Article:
Heartbreaking loss

One of my seemingly large number of people in my age bracket with cancer that I knew through the medical school world died this weekend.

He was the boyfriend (basically, spouse) of one of my closer classmates.   And he was a Dad.  And a friend of many.

They were two of the lovelies we saw Coldplay with in Europe.  He was the one that I had a running joke with for a year that I clearly didn’t like him because I (in my old lady ways) would always be leaving a party when he would get there after work.  He sometimes brought us food, coffee (or alcohol, depending on the indication) and laughs.

They are back in the place I went to med school.  I can’t go to the funeral.  I can’t give her a hug.

His cancer was one of the ones I, as an oncology person, would say is a good one to have.  One that has a high rate of cure.  Unfortunately, someone has to be in the subset that doesn’t do well.

I just wish it wasn’t him.

And then, I go to medical oncology clinic.  I give good news and I give bad news, mostly to people twice his age.  I quote statistics and review treatments.  But, they are just numbers, just data.

And all I can think about is him.  And her.  And the soul crushing loss that must be losing your life partner.  And at such a young age.

I see people posting heartfelt statuses, blog posts and such about how great he was, how sad they are.  But, nothing can compare to what she feels.   At least, that is what I imagine.  I can’t really know.  Nobody except she and God can.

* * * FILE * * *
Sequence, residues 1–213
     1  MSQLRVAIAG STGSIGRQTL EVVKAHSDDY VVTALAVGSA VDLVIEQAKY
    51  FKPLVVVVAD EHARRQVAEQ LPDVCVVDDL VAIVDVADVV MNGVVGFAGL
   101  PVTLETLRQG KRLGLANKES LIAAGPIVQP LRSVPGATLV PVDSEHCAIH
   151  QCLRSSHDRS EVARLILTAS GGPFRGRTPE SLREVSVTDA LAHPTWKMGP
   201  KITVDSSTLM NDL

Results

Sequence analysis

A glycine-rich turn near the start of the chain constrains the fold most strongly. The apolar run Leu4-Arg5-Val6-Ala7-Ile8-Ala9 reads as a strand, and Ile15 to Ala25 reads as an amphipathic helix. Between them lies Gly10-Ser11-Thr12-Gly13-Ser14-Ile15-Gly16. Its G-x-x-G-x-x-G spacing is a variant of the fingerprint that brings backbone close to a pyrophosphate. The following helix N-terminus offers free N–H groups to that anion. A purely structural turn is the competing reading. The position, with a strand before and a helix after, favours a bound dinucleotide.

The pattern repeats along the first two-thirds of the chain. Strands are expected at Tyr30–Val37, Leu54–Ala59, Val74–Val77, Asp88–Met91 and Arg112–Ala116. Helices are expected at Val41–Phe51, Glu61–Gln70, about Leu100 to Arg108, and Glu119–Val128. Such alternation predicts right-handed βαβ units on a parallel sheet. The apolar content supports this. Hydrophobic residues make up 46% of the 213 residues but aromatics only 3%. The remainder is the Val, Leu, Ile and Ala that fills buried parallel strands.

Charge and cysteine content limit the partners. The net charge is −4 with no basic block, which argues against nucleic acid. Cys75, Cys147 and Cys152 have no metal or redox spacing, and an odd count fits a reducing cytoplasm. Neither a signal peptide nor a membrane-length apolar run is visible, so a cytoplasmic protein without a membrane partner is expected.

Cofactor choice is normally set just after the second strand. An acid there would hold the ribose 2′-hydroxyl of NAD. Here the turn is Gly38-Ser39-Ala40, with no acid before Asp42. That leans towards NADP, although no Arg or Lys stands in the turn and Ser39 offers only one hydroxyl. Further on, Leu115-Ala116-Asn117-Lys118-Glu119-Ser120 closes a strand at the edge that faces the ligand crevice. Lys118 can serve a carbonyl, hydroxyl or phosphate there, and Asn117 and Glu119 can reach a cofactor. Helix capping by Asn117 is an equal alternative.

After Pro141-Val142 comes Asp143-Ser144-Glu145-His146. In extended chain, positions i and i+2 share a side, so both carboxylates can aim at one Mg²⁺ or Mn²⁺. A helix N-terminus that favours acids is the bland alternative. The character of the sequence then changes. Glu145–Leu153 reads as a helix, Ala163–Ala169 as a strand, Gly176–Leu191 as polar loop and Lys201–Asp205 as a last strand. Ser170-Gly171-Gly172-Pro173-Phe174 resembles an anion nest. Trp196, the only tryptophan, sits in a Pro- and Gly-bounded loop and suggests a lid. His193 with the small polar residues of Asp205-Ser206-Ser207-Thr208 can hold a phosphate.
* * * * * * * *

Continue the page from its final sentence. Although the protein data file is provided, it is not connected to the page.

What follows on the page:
I don’t even have words.

I can’t even imagine.  I can’t do the sentiment justice.

My heart is broken.

All I can do is pray.

11 thoughts on “Heartbreaking loss

  1. I started to click “like” for this post… but it is hard to like posts like this. I am so sorry for your loss and your friend’s loss. It’s just so hard to understand why things like this happen sometimes. We struggle to understand, but in reality, we never will. You are in my thoughts and prayers.

    • It is funny how you want to click “like,” but at the same time, it just seems wrong. I have that dilemma all too often, it seems.
      It is so tough to understand, but in a way, I find it easier just knowing that I can’t understand because some things are just bigger than we are.
      Thanks for the prayers.

  2. So sorry for you loss – and for his family’s. Yes, prayer is all that sustains us sometimes. My cousin died exactly one year ago from a cancer that they originally thought would never kill her. She was 51, had only been married 2 years. One never can know for sure what life will bring. Makes me more aware of appreciating each day. Of snuggling with my kids. Of love.

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